Origami Bird Study: An Extension into its
A recent study in Japan has added a DNA connection to Karin Westerling's Origami Bird lesson. In doing so, this has integrated an important (but simplified) molecular aspect to the process of natural selection, and this, in turn, has improved student understanding about mistaken Lamarckian (directional and teleological) aspects, and the randomness of mutations. Their general understanding of natural selection was significantly improved as well. Furthermore, this extension helps to satisfy a few of the NGSS Performance Expectations for middle and high school natural selection (see this following these excerpts from the study by Yamanoi, et al):
TO TEACHERS: The instructions, templates and handout materials for this Japanese version of Origami Birds are being developed. They will be posted as the Origami Bird DNA Extension when they are ready. So far, all the forms used in the study have been modified and are ready for use (ready for download, see below). Only the Teacher Directions and Student Instructions / worksheet need more work. One teacher, Nathan Hoekstra, has developed a sample student handout worksheet which he has kindly made available and is also available below (along with his suggestions and experience, added to OBE.Details from Dr. Yamanoi).
If you use these materials and develop your own student handout / worksheet, please share with the ENSI webmaster, along with notes of your experience and suggestions for improvement, so they can be included in the final lesson to be posted on the ENSI site. Thank you for that.
LIST OF FILES FOR THE DNA EXTENSION OF ORIGAMI BIRD
STUDY by T. Yamanoi, et al:
Introduction (excerpts, with emphases added):
“The “origami bird (Avis papyrus),” invented by Westerling (Westerling 1992), is designed to teach the concept of evolution by natural selection. In our study, we altered the “origami bird” protocol by incorporating a molecular mechanism. We verified the effectiveness of this improved protocol for Japanese high school students by comparing their test scores before and after the experiment.”
Discussion (emphases added):
“Similar to my previous results with Westerling’s original protocol, the students improved their understanding about the timescale of evolution (“Definition of evolution” #9) and the non-inevitability of struggle in the process of natural selection (“Natural selection” #1and#2). Furthermore, they improved their understanding of mutation and rejected the notion of Lamarckism and orthogenesis. These improvements and rejections had not occurred in my previous research (Yamanoi 2010). So we conclude that our modifications of the original protocol in this study led to these improved understandings. Through the experiment and the following discussion, the students probably came to regard mutation correctly as random DNA alteration, not speciation, and then understood evolution by linking changes on the DNA level to those on the phenotype level and rejected teleological concepts. We also suggest that this improved protocol has the potential to be effective for not only Japanese high school students but also high school and undergraduate students in other countries because many previous studies have revealed that these students also hold outdated evolutionary concepts similar to Lamarckism and orthogenesis (Bardapurkar 2008). As is known, teaching materials effective for rejection of teleology are scarce in other countries as well, and hence our research may be an important first step toward filling that gap. “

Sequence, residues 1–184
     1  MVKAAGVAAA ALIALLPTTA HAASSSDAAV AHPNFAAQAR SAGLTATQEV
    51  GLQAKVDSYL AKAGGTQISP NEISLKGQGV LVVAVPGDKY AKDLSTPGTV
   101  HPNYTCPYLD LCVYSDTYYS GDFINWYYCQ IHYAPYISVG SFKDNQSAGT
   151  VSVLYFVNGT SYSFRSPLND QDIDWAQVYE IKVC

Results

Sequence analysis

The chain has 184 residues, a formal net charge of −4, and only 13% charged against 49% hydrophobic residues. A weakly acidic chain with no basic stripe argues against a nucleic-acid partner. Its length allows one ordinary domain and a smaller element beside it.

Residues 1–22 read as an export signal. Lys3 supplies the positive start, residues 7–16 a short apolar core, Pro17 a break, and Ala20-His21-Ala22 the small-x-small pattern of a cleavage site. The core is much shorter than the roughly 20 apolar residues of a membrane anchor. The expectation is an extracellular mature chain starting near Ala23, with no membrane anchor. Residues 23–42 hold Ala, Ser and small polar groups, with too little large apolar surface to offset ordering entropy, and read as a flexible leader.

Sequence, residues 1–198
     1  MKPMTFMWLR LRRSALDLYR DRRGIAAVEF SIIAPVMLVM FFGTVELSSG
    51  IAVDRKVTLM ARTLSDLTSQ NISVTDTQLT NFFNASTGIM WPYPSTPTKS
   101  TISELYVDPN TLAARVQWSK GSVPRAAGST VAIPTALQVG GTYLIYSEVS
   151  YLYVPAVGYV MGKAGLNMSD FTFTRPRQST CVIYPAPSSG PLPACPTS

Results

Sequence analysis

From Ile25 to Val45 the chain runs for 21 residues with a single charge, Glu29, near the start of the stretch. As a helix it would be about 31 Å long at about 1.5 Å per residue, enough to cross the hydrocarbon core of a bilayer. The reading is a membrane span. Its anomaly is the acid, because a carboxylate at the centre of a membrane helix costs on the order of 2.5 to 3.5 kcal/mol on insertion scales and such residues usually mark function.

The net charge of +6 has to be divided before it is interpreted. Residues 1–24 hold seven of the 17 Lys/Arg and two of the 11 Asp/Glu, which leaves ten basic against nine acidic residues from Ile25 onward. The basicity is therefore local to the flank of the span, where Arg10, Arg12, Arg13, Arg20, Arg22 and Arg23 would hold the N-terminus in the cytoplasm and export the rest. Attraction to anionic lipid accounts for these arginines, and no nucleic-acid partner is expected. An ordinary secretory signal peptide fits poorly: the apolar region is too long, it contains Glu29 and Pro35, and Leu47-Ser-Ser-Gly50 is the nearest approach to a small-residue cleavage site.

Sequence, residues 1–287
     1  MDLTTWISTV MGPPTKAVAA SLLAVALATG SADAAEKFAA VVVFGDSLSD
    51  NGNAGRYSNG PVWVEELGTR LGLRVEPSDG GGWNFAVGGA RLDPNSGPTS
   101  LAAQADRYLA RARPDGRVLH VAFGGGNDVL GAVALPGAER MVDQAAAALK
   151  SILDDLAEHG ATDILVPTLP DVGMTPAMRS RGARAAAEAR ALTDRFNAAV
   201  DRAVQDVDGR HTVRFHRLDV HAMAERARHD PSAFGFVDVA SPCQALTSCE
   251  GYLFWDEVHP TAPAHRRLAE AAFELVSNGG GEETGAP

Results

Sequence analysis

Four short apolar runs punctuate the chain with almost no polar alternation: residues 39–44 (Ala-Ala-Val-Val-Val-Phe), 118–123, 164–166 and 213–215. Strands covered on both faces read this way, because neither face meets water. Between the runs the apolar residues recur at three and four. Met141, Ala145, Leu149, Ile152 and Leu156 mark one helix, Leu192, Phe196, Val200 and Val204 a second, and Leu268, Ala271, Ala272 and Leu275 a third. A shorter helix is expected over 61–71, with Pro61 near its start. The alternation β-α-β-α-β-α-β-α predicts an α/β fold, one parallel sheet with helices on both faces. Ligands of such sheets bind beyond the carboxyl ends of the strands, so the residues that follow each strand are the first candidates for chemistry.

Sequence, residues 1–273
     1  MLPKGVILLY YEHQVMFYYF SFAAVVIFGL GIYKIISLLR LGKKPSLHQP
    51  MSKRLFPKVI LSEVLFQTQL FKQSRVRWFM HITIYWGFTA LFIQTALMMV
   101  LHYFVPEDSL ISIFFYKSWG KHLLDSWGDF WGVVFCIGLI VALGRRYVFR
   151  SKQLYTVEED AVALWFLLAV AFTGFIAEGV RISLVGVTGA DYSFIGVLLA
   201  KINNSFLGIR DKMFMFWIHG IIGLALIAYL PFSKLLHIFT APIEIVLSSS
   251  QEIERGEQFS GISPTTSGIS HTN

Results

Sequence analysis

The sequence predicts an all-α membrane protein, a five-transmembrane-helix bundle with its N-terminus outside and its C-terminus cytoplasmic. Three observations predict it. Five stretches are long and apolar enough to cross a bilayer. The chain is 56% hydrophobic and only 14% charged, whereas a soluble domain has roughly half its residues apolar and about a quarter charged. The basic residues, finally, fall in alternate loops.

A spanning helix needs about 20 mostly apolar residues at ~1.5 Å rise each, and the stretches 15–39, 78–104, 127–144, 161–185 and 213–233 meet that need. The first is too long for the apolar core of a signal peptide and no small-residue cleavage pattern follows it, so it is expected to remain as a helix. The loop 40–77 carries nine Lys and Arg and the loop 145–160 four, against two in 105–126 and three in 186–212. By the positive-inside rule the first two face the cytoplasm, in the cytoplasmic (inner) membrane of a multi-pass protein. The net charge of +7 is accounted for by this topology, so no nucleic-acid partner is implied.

“Our improvement of Westerling’s original protocol yielded significant elevation of the students’ understanding of evolution, but the change was slight (average score shift was 0.67 to 0.74). Therefore, we considered further modification of our protocol as follows. The students were divided into two groups with relation to the direction of natural selection. In one group, a bird with the longest flying distance was selected. In the others, a bird with the shortest flying distance was selected. We preliminarily conducted student experiments with this new protocol, with two birds’ populations showing different evolutionary trajectories over four generations. This modification is considered to enhance understanding of the variability in the direction of natural selection: selection does not always favor the long flight, which will lead to the rejection of teleological thoughts. We expect that further verifications and improvement of our protocol will be performed in many countries.”
NGSS Performance Expectations <http://www.nextgenscience.org/search-standards>: